Last week I had the pleasure of meeting a potential new agent (I’ve finished the sequel to Instinct but my old agent wasn’t quite right for me. He got me a good deal with Penguin but he didn’t have enough experience in exploiting my further rights for movies, video games etc. Also, he wanted to concentrate more on non-fiction. We parted amicably).
The new guy is Darley Anderson, and he’s the agent of people like Lee Child and Martina Cole, so he knows a thing or two about selling books.
Our conversation was very interesting because it highlighted several issues about the literary world that hadn’t really occurred to me and probably don’t occur to the vast majority of people who read or write books.
The main difference between Darley and most of the other literary agents is his commitment to publishing as a business. Most of us consider books to be special things that see us through our first break-up, or a trying bout of glandular fever when no friends were allowed to visit for six months. Of course that’s true, but they are also ‘things’ that need to be ‘sold’ otherwise large corporations go ‘bust’, and if that happens no one gets to read about incidents of dogs in the nighttime or lives of Pi. Commercial fiction financially props up literary fiction. Without Martina Cole there is no Hillary Mantel, so we can either acknowledge and foster the writing of the books that sell millions of copies in airports or we can look down our noses at them for failing to be Thomas Hardy or Kazuo Ishiguro. (By the way, I am fully aware that ‘literary’ fiction can sell in great numbers, but it does so far less often than commercial fiction.)
So we discussed Lee Child a great deal and he told me that Lee has absolutely no interest in becoming a ‘brand’ himself. He is only interested in promoting the brand of Jack Reacher. This is based on the fact that Harry Potter, James Bond and every superhero ever invented are far more memorable and powerful than the people who created them. Lee and Darley fight tooth and nail to reduce Lee’s name on his covers and increase the point size of Jack.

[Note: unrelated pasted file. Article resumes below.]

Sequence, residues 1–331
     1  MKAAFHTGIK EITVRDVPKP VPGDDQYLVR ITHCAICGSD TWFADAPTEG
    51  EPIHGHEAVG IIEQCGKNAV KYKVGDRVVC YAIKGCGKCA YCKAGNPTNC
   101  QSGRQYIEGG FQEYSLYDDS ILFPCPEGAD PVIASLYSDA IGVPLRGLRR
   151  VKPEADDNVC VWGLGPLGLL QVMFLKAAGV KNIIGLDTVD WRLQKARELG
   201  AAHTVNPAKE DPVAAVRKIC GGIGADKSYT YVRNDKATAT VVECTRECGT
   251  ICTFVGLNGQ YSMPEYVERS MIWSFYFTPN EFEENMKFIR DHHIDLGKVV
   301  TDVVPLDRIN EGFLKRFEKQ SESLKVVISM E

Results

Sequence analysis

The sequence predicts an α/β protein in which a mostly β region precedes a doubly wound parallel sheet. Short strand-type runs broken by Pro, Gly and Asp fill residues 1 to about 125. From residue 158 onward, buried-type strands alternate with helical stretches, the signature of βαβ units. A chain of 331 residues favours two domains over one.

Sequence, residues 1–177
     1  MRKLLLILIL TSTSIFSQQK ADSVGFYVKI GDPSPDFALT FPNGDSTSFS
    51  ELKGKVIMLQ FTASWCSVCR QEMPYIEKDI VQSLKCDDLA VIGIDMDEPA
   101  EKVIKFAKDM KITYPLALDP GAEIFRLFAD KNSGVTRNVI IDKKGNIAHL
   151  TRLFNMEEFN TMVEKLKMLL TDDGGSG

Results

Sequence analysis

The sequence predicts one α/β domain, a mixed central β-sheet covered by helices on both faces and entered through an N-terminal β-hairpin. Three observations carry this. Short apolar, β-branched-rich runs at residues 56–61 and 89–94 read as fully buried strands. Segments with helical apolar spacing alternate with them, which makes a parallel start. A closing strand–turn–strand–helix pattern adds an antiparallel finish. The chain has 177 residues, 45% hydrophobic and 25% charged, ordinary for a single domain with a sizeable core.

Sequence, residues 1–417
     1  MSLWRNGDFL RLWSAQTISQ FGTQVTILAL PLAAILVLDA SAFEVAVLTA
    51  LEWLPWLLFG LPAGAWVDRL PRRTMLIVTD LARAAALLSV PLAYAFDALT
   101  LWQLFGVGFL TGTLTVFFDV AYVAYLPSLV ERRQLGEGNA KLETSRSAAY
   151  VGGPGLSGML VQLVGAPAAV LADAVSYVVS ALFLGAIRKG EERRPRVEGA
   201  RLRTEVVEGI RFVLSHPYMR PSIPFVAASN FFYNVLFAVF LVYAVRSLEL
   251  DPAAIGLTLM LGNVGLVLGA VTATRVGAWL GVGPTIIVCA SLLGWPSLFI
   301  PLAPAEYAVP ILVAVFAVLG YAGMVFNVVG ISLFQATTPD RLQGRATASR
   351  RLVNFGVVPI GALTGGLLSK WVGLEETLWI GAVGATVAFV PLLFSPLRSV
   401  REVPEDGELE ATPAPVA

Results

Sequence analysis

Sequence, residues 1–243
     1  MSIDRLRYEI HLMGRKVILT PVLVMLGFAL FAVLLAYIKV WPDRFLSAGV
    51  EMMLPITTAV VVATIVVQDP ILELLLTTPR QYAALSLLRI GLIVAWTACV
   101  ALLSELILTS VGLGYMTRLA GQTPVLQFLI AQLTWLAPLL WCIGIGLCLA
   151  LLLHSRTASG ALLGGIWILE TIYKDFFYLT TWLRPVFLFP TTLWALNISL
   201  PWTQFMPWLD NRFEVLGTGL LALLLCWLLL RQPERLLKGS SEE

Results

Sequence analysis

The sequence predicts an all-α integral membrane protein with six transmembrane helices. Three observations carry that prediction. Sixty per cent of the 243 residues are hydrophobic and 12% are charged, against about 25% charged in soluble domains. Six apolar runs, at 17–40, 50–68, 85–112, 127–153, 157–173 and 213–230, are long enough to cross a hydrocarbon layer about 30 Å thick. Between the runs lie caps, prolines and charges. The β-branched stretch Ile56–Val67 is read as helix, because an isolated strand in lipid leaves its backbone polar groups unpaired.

Lee seemed to have a very pragmatic vision for the massive success of his novels from the outset. He writes a book every year without fail (sometimes two), working from September to March. You can guarantee there will be a Jack Reacher novel out in hardback in September, to be followed by a paperback for the holiday market the following summer. That’s what the creation of a brand is: the consistent supply of what your consumers want, and that doesn’t necessarily mean following a kind of formula as Lee/Jack does; it can also mean literary eclecticism along the lines of Ian McEwan’s output. His fans expect a well-written novel, often with some shocking violence and dark humour, but the inconsistency of his output is his brand, so people expect the unexpected. Along the same lines, many actors and musicians have a brand (AKA something they are very good at). When Tom Cruise leaves the action hero brand people tend not to bother with his films, even though he’s a massive star. Equally, The Rolling Stones brand of edgy rock is incredibly strong, but if Mick Jagger tries to step outside it with some solo work, no one is interested. People love Cadbury’s Dairy Milk, but Cadbury’s Smash failed because it went outside the brand.
So you have to choose your game. Do you try to create a deliberate degree of consistency that will have people returning for more of what they’ve already liked, or do you believe that literature is a pure art form that consists of whatever the muse drops into your lap, or whatever stories you need to tell? I believe there’s nothing wrong with either route, but both involve playing a different game to provide distinct benefits for the people that play them. If you want money or (in my case) to make a movie from your story then creating a commercial fiction brand will drastically increase the odds of both those things coming your way. However, if you want to feel you have artistic integrity, or indeed artistic quality (however subjective that notion) then you probably want to just write ‘books’ and not really mind that they don’t sell that many copies and need to be compatible with a day job so that you can pay the rent (of course, most books exist in the area in between the two).
This can then throw up the thorny issue of whether or not you aim for the absolute pinnacle of everything you try to do, and what that really means. We could all try to be Dickens, but even he was thought of as a commercial fiction writer who was disregarded until many years after his death. Is it wrong to aim for popularity and not spend years searching for every single one of the mots justes? Like I said, there is no wrong. You are allowed to try to do things that aren’t what other people consider to be the best use of your time. It’s probably best to just aim for something that makes you happy and fulfilled, then spend your life trying to achieve it. You might find that the journey leads you to a destination you weren’t expecting.
(PS: Lee on how he writes. Great advice.)